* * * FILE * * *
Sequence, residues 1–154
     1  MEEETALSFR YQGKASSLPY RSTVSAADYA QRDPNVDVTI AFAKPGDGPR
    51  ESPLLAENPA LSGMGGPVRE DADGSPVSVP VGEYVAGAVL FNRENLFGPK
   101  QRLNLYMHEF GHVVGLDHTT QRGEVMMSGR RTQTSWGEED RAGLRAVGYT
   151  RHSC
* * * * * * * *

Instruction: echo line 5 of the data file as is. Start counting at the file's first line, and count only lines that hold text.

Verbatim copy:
   151  RHSC